By Helen Thompson
On the day of the Bali bombing in 2002, Hayati Eka Laksmi received a call from a representative of a car-rental firm. The car her husband rented with some friends had been caught in traffic in the nearby tourist district of Kuta and a bomb had exploded just three vehicles away.
Eka had already heard about the bombing, but it never crossed her mind that her husband could have been affected. Her initial horror that a group could perpetrate such an attack in the name of Islam gave way to personal grief. She began a frantic search for information, trying to find out if her husband was still alive.
It took seven days before Eka found her husband’s body lying in a mortuary. “I had to identify his body based on marks pointed out by the forensic team and through DNA testing,” said Eka. “I was deeply shocked when it was confirmed that ‘Mr X’ in Bag Number 145 was the body of my husband.”
The loss of her husband left Eka to bring up her two young sons on her own. “I relied on my husband’s income. My two boys were very young at the time, two and three years old. We were all deeply affected. I became traumatised and depressed.”
Eka noticed that her children were also becoming angry, sad and sometimes aggressive. On the first anniversary of the bombing, she felt that she must do something to move her family out of the grief into which they had sunk.
For six months, Eka received counselling from at a non-governmental organisation that actively helps survivors and victims’ families. Once she completed therapy, the organisation asked her to start working for them, which allowed her to earn some money. Like many women affected by terrorism, she had lost the household’s main breadwinner, and struggled to keep the family going economically. With the help of her mother, she opened a small shop selling domestic goods like sugar, coffee and gas.
Once she had resolved the most pressing needs of everyday life, Eka turned to the emotional needs of her children, taking them to counselling. She recognised that many families were going through the same trauma, and decided to bring friends who had also lost relatives in the bombings to counselling as well.
Gradually, Eka helped create a network of victims called Isana Dewata (Wives Husbands Children of Victims of the Bali Bombings). Through discussion and mutual support, victims were able to find the strength and spirit to overcome their hardships and turn their grief into positive action. The group now consists of 22 families, including 47 children.
The Bali bombings killed people from 22 countries around the world and from several different religions.
Eka recently travelled to Vienna for the Mothers MOVE conference, organised by SAVE-Sisters Against Violent Extremism, the world’s first female counter-terrorism platform. SAVE aims to break through barriers of nationalism, religion and ethnicity to create a global network of women dedicated to ending violent extremism, and to highlight the voices of victims to expose the human cost of terrorism.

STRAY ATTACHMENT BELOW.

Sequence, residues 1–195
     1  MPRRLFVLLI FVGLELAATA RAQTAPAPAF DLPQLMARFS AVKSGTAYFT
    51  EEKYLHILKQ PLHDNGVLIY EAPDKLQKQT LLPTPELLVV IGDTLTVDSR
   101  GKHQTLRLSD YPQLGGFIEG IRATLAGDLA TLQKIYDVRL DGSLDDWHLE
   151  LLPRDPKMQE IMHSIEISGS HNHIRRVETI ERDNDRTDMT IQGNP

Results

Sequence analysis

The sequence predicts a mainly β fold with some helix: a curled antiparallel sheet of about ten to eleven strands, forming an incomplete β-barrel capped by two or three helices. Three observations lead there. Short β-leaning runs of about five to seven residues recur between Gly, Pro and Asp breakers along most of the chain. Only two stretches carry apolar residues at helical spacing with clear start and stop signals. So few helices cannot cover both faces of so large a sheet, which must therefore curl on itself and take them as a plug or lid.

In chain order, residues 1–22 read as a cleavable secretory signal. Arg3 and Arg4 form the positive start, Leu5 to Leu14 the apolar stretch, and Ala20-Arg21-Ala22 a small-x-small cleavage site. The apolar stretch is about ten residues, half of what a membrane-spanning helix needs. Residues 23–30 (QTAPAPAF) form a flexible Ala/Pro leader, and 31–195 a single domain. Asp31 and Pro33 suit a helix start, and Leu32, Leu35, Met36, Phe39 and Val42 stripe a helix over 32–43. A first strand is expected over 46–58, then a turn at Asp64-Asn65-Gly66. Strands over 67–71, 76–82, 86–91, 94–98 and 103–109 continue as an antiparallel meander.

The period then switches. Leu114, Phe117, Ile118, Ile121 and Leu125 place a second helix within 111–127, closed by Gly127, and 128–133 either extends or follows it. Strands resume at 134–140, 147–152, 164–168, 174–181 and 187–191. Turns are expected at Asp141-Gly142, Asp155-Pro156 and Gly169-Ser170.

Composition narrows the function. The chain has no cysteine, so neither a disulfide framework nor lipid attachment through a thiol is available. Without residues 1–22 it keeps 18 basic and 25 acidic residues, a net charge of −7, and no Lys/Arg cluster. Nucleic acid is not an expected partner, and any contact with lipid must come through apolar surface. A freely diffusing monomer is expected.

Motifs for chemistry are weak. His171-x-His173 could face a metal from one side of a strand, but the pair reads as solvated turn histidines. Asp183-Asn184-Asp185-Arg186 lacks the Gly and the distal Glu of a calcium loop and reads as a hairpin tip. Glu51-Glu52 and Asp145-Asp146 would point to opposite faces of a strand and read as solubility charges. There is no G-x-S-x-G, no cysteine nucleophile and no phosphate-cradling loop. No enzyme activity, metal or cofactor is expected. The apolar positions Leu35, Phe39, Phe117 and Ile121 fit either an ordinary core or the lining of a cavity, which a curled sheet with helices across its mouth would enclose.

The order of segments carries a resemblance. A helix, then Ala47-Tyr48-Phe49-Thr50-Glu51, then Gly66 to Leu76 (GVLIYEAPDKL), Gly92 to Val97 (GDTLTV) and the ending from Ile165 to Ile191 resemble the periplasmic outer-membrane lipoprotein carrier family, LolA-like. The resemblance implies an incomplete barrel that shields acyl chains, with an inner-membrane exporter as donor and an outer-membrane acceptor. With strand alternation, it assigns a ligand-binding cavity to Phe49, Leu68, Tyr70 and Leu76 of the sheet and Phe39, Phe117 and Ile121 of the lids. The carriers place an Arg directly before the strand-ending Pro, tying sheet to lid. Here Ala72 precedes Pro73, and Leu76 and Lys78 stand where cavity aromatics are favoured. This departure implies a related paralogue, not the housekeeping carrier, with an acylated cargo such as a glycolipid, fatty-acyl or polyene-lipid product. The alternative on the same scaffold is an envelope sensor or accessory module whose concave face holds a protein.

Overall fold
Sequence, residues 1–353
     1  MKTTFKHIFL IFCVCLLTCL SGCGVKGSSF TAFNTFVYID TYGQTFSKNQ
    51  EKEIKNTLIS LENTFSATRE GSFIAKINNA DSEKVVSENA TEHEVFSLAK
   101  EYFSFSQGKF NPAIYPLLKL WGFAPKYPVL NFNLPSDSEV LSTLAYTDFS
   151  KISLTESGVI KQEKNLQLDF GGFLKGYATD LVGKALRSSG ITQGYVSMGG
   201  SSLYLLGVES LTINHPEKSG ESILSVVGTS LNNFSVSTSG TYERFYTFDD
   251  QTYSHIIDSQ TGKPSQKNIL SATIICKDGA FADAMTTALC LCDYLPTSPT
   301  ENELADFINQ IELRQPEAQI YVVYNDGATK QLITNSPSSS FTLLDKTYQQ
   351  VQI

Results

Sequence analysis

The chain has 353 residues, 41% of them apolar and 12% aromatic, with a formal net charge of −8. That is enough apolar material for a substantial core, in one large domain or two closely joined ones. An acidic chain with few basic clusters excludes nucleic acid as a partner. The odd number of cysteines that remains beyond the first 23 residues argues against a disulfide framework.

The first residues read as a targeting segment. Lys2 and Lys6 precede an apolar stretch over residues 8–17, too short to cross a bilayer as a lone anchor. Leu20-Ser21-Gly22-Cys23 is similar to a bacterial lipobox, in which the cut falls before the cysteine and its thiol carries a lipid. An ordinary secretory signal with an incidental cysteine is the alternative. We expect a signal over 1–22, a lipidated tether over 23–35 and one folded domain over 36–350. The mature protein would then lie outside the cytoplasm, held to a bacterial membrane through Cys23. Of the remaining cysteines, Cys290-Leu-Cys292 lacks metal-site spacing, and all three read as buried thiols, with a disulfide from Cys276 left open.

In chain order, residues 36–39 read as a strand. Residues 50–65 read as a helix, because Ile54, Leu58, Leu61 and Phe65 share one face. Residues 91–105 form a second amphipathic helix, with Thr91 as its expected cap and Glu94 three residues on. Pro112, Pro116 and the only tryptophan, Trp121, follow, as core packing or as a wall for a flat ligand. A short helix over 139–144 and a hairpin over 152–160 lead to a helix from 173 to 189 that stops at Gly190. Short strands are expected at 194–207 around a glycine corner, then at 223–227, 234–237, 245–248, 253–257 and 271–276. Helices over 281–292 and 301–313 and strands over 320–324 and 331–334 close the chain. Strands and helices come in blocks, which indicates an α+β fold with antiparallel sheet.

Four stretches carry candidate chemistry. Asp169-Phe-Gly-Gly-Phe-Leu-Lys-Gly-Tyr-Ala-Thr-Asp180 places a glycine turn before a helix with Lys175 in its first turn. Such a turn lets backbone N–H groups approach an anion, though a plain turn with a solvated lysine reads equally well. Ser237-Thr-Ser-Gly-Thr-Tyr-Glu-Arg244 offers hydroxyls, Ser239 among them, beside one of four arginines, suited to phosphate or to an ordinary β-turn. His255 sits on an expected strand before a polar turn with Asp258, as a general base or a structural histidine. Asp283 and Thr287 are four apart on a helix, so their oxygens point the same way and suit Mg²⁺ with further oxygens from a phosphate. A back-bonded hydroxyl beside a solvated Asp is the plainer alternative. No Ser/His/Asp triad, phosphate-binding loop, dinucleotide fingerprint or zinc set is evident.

In Vienna, Eka joined women from Nigeria, Yemen, Egypt, Pakistan, Palestine, Israel and Northern Ireland, all of whom have lost relatives to terrorism or who are working actively to counter violent extremism. Eka shared her own story and learnt from the experiences of others. Over the three days, the women built up an intimate trust. They gained inspiration from each other’s stories and recognised that even across cultures, the pain a mother feels on losing a husband or child is the same.
Eka recognises that a mother’s influence is very important: “Mothers are the basis of the family. [A mother] can give her children direction. Those children who were affected by the Bali bombing might have anger in their hearts. Mothers can explain to them that it is no good to seek revenge. Through cooperation with other mothers, women can better support their children.”
“My children’s lives were changed because of cowards who acted in the name of religion, but these bombings are not about religion,” Eka adds. “Islam does not teach us to kill each other. Religion is a basic need, and it is my foundation for life. I have learnt to appreciate the blessings that God has given to us and accept all of this with a sincere heart and without a grudge against anyone, not even against the terrorists who killed my husband.”
Helen Thompson is the Information Officer for SAVE-Sisters Against Violent Extremism, the world’s first female anti-terrorism platform.Filed under: Opinion